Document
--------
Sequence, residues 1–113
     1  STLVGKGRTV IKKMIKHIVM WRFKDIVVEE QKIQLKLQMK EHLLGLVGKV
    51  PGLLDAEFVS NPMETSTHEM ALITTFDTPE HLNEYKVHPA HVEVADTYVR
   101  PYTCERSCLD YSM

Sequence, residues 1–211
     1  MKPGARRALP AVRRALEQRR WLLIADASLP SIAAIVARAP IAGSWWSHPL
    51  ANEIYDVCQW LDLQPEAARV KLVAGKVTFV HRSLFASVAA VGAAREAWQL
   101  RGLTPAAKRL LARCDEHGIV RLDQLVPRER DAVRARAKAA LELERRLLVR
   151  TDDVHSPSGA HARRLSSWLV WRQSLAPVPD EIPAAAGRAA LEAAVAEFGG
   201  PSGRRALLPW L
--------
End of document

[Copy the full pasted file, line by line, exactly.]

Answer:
Sequence, residues 1–113
     1  STLVGKGRTV IKKMIKHIVM WRFKDIVVEE QKIQLKLQMK EHLLGLVGKV
    51  PGLLDAEFVS NPMETSTHEM ALITTFDTPE HLNEYKVHPA HVEVADTYVR
   101  PYTCERSCLD YSM

Sequence, residues 1–211
     1  MKPGARRALP AVRRALEQRR WLLIADASLP SIAAIVARAP IAGSWWSHPL
    51  ANEIYDVCQW LDLQPEAARV KLVAGKVTFV HRSLFASVAA VGAAREAWQL
   101  RGLTPAAKRL LARCDEHGIV RLDQLVPRER DAVRARAKAA LELERRLLVR
   151  TDDVHSPSGA HARRLSSWLV WRQSLAPVPD EIPAAAGRAA LEAAVAEFGG
   201  PSGRRALLPW L